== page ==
Phenotypic responses to environmental variation

Elevated temperature and PCO2 treatments both had significant antagonistic consequences for growth phenotypes in Norwegian scallops, with the strongest effects on growth experienced when both stresses were combined, agreeing with previous results in scallops (Artigaud et al., 2014a; Alma et al., 2020). In contrast, growth of French spat was influenced less by experimental treatments: the only primary phenotypic trait affected was dry body mass, which increased in elevated PCO2 treatments. However, elevated temperature resulted in greater mortality of French spat, suggesting a potential trade-off between growth and survival. While P. maximus adults have been shown to be fairly tolerant to warming and hypercapnic stresses (Götze et al., 2020), our results suggest that spat may pay some costs under OAW: reduced survival in the French spat experiencing warming and reduced growth in the Norwegian population experiencing acidification and warming.

Interestingly, condition index (CI; dry body mass divided by total shell mass), also revealed a clear positive effect of elevated PCO2 in French spat. Similar results have previously been interpreted as seasonal shifts in patterns of resource allocation (Cameron et al., 2019) or subtle shifts in allocation to soft tissue and shell (Hiebenthal et al., 2013), but this result could also be an experimental artefact. It is possible that elevated PCO2 resulted in some microalgal growth (tanks were only semi-open) and increased food availability. However, if this were the case, only French scallops were able to exploit it, as neither dry body mass nor CI increased at elevated PCO2 in Norwegian spat. For scallops from both populations, CI declined with increasing temperatures in line with previously reported results from bivalves (Clark et al., 2013; Hiebenthal et al., 2013; Cameron et al., 2019; Pereira et al., 2020). This could be due to differences in the energetic costs of calcification compared with homeostasis: saturation states of aragonite and calcite increase at higher temperatures, potentially reducing the cost of calcification (Clark, 2020; Clark et al., 2020). Furthermore, as ectotherms approach their upper thermal limits, aerobic scope is reduced (Pörtner and Farrell, 2008; Sokolova et al., 2012), which can result in increased costs of basal metabolism and a relative decline in allocation of resources to soft tissue growth.

Metabolic responses to increasing temperature and PCO2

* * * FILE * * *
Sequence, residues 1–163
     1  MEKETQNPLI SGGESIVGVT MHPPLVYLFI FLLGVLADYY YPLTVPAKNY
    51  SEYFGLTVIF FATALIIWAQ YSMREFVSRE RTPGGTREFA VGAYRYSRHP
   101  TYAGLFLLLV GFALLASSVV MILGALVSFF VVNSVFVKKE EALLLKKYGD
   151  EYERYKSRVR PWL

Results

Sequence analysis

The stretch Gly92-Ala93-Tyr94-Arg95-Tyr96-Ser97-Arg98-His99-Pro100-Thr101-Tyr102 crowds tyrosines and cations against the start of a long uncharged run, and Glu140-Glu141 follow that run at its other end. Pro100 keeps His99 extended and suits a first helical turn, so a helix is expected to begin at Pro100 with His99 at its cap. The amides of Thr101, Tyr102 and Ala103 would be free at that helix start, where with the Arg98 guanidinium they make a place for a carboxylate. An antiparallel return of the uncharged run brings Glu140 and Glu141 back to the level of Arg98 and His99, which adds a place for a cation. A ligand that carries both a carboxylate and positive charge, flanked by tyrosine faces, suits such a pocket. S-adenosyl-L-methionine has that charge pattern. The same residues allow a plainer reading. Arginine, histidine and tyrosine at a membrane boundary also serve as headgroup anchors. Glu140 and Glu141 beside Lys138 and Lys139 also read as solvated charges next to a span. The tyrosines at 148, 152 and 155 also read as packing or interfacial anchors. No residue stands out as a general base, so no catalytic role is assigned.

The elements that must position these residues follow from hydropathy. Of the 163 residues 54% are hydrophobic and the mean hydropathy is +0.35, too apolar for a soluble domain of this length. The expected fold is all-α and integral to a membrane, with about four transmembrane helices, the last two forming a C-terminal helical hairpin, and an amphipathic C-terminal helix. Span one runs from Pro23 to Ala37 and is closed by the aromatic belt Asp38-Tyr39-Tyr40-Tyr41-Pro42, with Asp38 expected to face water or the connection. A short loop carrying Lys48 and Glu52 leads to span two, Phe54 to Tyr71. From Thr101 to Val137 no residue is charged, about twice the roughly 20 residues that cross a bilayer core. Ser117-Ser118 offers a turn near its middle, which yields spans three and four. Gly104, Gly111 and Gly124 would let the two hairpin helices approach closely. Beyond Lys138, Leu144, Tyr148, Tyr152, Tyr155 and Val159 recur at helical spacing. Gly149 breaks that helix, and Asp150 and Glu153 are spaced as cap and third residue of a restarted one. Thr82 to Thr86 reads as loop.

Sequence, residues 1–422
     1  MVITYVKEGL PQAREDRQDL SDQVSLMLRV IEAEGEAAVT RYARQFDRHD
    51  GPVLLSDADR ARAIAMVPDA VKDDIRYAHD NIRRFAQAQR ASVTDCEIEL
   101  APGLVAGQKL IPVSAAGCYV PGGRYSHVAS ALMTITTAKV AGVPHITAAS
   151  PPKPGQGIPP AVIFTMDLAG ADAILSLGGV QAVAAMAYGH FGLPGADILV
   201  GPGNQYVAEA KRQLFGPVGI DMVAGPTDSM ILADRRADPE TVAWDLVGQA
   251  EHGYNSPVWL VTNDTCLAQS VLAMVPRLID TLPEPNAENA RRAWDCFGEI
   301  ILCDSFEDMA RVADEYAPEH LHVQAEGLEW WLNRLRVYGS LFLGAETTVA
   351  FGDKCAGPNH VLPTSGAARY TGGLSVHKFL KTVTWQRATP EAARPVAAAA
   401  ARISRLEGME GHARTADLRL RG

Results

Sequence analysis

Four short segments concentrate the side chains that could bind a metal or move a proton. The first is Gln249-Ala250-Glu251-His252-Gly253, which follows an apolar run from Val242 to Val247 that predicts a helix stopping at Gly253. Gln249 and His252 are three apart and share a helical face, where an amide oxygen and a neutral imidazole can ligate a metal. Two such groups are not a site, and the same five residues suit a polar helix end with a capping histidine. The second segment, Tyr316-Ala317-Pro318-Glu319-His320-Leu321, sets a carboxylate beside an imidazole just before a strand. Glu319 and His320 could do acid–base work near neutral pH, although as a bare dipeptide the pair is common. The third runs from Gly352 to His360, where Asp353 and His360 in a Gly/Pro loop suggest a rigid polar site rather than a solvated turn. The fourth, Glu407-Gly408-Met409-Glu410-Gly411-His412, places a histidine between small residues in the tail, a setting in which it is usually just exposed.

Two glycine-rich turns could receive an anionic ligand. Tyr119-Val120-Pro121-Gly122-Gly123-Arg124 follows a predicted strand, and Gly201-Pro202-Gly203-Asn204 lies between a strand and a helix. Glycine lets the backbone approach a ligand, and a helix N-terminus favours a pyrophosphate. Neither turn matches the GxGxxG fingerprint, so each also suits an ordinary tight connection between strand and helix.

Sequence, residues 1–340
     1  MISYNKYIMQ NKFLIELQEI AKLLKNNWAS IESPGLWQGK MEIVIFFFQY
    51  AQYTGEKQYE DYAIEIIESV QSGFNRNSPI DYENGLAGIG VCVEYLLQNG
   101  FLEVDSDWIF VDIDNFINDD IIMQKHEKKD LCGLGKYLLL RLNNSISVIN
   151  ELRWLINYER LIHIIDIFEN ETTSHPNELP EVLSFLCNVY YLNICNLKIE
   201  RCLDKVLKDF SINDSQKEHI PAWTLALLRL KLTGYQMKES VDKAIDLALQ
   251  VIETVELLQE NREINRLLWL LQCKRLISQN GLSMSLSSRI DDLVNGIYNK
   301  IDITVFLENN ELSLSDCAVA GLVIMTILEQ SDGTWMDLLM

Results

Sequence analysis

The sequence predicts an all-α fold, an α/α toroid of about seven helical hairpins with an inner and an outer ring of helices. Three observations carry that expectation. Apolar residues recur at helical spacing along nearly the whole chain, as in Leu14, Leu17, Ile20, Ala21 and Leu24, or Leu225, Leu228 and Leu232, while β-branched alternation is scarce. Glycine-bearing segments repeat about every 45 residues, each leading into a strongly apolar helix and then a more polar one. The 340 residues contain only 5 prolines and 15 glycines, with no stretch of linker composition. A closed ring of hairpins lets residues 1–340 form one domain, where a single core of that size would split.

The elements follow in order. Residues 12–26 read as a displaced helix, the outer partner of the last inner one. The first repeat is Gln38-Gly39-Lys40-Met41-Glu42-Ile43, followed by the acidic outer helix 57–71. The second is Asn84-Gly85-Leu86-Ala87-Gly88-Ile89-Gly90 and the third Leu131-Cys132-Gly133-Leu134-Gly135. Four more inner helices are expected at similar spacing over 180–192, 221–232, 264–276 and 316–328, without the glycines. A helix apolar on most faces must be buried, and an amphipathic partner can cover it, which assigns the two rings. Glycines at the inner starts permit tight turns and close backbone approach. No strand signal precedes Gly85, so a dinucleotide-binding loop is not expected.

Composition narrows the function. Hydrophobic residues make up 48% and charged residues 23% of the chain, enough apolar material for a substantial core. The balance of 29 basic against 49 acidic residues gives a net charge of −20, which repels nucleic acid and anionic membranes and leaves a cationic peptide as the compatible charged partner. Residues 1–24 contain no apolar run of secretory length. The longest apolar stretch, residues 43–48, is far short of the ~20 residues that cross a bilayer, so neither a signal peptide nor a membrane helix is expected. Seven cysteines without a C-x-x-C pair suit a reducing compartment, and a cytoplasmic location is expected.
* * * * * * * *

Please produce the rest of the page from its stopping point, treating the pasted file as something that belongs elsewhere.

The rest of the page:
As ectotherms approach upper thermal limits, they may reduce their metabolic rates (Anestis et al., 2008; Clark et al., 2013), which could help to explain why oxygen consumption of Norwegian scallops declined at higher temperatures. In contrast, oxygen consumption was not influenced by temperature in French scallops, suggesting that these spat successfully acclimated to experimental temperatures to maintain metabolism (Seebacher et al., 2010). Although oxygen consumption of French scallops did not vary according to temperature, there was a clear increase in oxygen consumption at elevated PCO2. This result mirrors findings in several other marine invertebrate species (Parker et al., 2012; Benítez et al., 2018; Harianto et al., 2021; Jiang et al., 2021), where increased ṀO2 in response to increased PCO2 appears to maintain cellular homeostasis. In contrast, Norwegian scallops reduced their oxygen consumption under elevated PCO2 irrespective of temperature. Given that this response occurred at 13°C, which Norwegian scallops experience during the summer, it could indicate alternative strategies for dealing with PCO2 variation between the populations, or that scallops from the Bay of Brest are better adapted to the more variable PCO2 levels that occur there (Salt et al., 2016). Genetic variation in ability to acclimate to elevated PCO2 has been observed previously among different selected lines of oysters (Parker et al., 2012) and mussels (Stapp et al., 2017), in which families tolerant of PCO2 variation were found to increase metabolic rates under elevated PCO2, while sensitive families did not. Given the strong and significant genetic differentiation between French and Norwegian scallop populations (Morvezen et al., 2016; Vendrami et al., 2019), it seems likely that higher temperatures and PCO2 in the Bay of Brest have led to an adaptive ability to acclimate to these conditions.

Proteomic responses to environmental variation